|NT1||Sylvester Williams||Domata Peko|
|DL4||Vance Walker||Shelby Harris|
Malik Jackson left as a free agent after Super Bowl 50 to spearhead a Jacksonville defense that, in 2017, looked like the NFL’s best. The Broncos’ 2017 version notably featured the ageless Domata Peko, who might have been the heart of the defense last season, and Raiders castoff Shelby Harris, who looked like a late-blooming steal. The 2017 Broncos’ line wasn’t as good as the 2015 version thanks to Jackson alone, but Peko and Harris have been huge improvements over former first-round pick Sylvester Williams.
|OLB1||Von Miller||Von Miller|
|OLB2||DeMarcus Ware||Shaquil Barrett|
|ILB1||Brandon Marshall||Brandon Marshall|
|ILB2||Danny Trevathan||Todd Davis|
|LB5||Shaquil Barrett||Shane Ray|
At linebacker, Von Miller remains the standard-bearer; a game-breaking terror for opposing passers who’s every bit as good two years later. In the middle, Brandon Marshall remains a steadying force and Shaquil Barrett (a restricted free agent to-be this spring) is on the rise. That said, he hasn’t reached the lofty status that DeMarcus Ware held, and Danny Trevathan’s sideline-to-sideline speed made him a more explosive player than Todd Davis. While the 2015 unit was marginally better, Denver’s linebacking corps has remained one of the Broncos’ greatest strengths.
|CB1||Aqib Talib||Aqib Talib|
|CB2||Chris Harris, Jr.||Chris Harris, Jr.|
|CB3||Kayvon Webster||Bradley Roby|
|S1||T.J. Ward||Darian Stewart|
|S2||Darian Stewart||Justin Simmons|
|S3||David Bruton||Will Parks|
In 2017, the “No-Fly Zone” met its end when safety T.J. Ward was released prior to the season. While the sky’s the limit for youngster Justin Simmons, Ward’s presence and reputation as one of the league’s hardest hitters proved impossible to reproduce. Bradley Roby is an improvement over the underrated Kayvon Webster, but David Bruton’s versatility is still missed. Despite their losses over the last two years, the Broncos’ backfield is the strongest part of the team… but in 2018, both Aqib Talib and Darian Stewart might be playing somewhere else as the Ward playbook may find itself opened once more. If that happens, the drop-off will be sizable, and this group will likely go from elite to merely above-average.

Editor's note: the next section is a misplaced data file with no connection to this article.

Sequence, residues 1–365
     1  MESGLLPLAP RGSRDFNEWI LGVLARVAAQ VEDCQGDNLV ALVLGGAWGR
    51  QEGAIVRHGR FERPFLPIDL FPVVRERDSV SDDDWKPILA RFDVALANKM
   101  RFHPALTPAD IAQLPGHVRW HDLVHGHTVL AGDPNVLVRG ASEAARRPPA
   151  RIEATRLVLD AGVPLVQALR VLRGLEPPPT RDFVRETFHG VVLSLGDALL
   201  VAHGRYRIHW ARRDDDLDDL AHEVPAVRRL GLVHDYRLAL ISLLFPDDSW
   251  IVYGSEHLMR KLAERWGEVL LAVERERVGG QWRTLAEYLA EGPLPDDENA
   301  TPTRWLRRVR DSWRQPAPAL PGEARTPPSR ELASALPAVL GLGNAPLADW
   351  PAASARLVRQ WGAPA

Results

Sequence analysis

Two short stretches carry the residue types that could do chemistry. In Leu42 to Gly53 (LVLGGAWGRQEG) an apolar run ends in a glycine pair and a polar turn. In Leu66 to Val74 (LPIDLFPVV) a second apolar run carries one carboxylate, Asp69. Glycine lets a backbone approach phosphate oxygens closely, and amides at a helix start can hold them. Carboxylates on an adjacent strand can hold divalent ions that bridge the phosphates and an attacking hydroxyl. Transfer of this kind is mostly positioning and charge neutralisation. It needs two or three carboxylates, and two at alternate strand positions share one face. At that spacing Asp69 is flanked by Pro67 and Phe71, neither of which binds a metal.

|K||Brandon McManus||Brandon McManus|
|P||Britton Colquitt||Riley Dixon|
|KR||Omar Bolden||Isaiah McKenzie|
|PR||Emmanuel Sanders||Devontae Booker|
The Broncos’ special teams unit was an abject disaster for much of the season. Kicker Brandon McManus finished strong and punter Riley Dixon has effectively replaced Briton Colquitt, but Denver’s return game may have caused more harm then good last season and desperately needs an overhaul. In a league where one-score games are the norm, the Broncos’ regression here has been especially damaging.
Would adding an established free-agent quarterback like Cousins make a huge difference in the Broncos’ likely fortunes in 2018? Of course… but the Broncos are still further away from that championship squad than it initially appears. While the linebacking corps and defensive backfield come close, the truth is that there isn’t a single unit on the 2017 Broncos team that was better than its 2015 iteration — something to keep in mind as the Broncos’ braintrust tries to re-establish itself as a Super Bowl contender once more.
After successive seasons missing the playoffs, there’s no question that Denver’s rebuild starts at the quarterback position — but if the Broncos end there, it’s entirely possible that streak will extend into its third season.
There’s much work left to be done, and the first step is recognizing how much is truly in front of them.